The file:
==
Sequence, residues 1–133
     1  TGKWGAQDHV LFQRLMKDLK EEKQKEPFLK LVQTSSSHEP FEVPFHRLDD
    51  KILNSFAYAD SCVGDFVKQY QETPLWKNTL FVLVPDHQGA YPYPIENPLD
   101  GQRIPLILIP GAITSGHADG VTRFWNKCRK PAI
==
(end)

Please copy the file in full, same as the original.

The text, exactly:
Sequence, residues 1–133
     1  TGKWGAQDHV LFQRLMKDLK EEKQKEPFLK LVQTSSSHEP FEVPFHRLDD
    51  KILNSFAYAD SCVGDFVKQY QETPLWKNTL FVLVPDHQGA YPYPIENPLD
   101  GQRIPLILIP GAITSGHADG VTRFWNKCRK PAI